Can Cats Eat Avocado And What Could Possibly Go Wrong?

what happens if a cat eats avocado?

Avocado is a fruit that’s unique in its own right. While many other fruits are primarily made up of carbohydrates, avocados are rich in healthy fats.

The fruit packs so many health benefits that it has featured significantly among the top human superfoods. But can cats have avocado?

The straight answer is “yes,” cats can eat avocados. As a matter of fact, most cats actually love avocados. They find the fatty, creamy taste yummy and delectable. However, the scenario is a little more complicated than that.

As you may already know, human food isn’t necessarily ideal for pets. That’s for the simple reason that humans and animals have different nutritional requirements and biological makeups.

A particular food that we find delectable and nutritious may prove to be very disastrous for cats. However, cats aren’t intelligent enough to know that. That’s why you will often see them milling around the dinner table, begging for food.

Cat Spraying No More

In most instances, their begging behavior isn’t necessarily driven by hunger pangs. Instead, the habit emanates from their intense curiosity to discover how human food tastes like.

And since we so passionately care about them, we’re often tempted to throw some avocado slices their way. But how should you feed avocados to your feline friend, and in what portion?

These and other similar questions shall be the focus of this article.

Possible Health Benefits of Avocado

As a caring and dedicated pet owner, you might be wondering to yourself, is it safe for a cat to eat avocado?

Well, the best way to answer this question is to begin by highlighting a few possible health benefits of the fruit. The following are some of these benefits.

1. Promotes a Healthy Heart

Heart and cardiovascular diseases are some of the most common feline health problems. These conditions often result from sedentary lifestyles. However, they could also be indicative of an underlying medical condition.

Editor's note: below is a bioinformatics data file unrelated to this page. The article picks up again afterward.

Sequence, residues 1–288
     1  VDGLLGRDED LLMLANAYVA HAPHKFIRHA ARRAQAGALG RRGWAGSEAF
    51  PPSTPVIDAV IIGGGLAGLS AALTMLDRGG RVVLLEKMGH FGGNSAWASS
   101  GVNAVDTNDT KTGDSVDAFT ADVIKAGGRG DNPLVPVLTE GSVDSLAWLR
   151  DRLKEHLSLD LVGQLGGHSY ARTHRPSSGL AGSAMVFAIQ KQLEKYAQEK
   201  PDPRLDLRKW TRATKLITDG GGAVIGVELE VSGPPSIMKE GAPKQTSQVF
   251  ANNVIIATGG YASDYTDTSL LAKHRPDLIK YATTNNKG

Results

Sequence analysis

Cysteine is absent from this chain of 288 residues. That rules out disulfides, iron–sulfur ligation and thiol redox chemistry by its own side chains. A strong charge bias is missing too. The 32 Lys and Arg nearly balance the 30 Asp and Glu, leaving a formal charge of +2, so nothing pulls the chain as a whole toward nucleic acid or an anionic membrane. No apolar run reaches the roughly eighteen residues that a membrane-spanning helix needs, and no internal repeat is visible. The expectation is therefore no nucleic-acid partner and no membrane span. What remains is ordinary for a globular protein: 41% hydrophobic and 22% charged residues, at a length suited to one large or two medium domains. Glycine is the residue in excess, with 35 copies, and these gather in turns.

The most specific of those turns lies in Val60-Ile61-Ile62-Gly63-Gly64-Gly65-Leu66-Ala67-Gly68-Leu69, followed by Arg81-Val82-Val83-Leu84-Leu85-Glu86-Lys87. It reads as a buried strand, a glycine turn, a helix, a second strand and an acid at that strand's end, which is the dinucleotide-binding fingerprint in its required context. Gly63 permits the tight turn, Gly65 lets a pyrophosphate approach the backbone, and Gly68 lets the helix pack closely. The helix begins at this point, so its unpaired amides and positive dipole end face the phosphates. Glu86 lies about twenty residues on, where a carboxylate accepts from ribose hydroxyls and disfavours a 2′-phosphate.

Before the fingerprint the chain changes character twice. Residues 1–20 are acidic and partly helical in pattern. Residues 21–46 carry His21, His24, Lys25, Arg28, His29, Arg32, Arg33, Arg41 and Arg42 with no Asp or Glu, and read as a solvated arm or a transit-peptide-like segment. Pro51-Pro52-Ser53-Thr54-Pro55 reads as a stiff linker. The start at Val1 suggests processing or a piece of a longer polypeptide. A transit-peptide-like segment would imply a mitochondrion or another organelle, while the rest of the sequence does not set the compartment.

avocado for cats

Thankfully, avocados can help avert numerous heart diseases. The fruit is rich in potassium, which performs various critical heart-related functions in the body.

Certain studies have linked potassium to reduced blood pressure. As you probably know, blood pressure is the greatest risk factor for strokes, heart attacks, and multiple organ failure.

2. Contains Healthy Fats

Any pet owner would cringe at the idea of adding a fat-laden food to their cat’s diet. But not when the fats in question are healthy fats.

Avocados pack a monounsaturated fatty acid known as oleic acid. The acid is notable for its anti-inflammatory properties.

Therefore, avocado would just be the perfect treat for felines that suffer from chronic inflammations. Better yet, you can add it to your cat’s food to help manage inflammations resulting from physical injuries.

3. Great for Incontinent Cats

Bowel incontinence is a major digestive complication among cats, especially those whose eating behaviors aren’t properly monitored.

But with sufficient fiber in your cat’s diet, constipation and bowel incontinence will be the least of your worries.

Indeed, fiber is one of the most effective health remedies for constipation. That’s because it’s a natural remedy. Therefore, you can administer it to the cat without worrying about the side effects.

Avocado is loaded with both soluble and insoluble fiber. Soluble fiber constitutes 25% of the fruit, while insoluble fiber makes up 75%.

All of these interact favorably with the friendly gut bacteria that live in the feline’s intestine. By improving the efficiency of this bacteria, your cat will have the most regular bowel movement.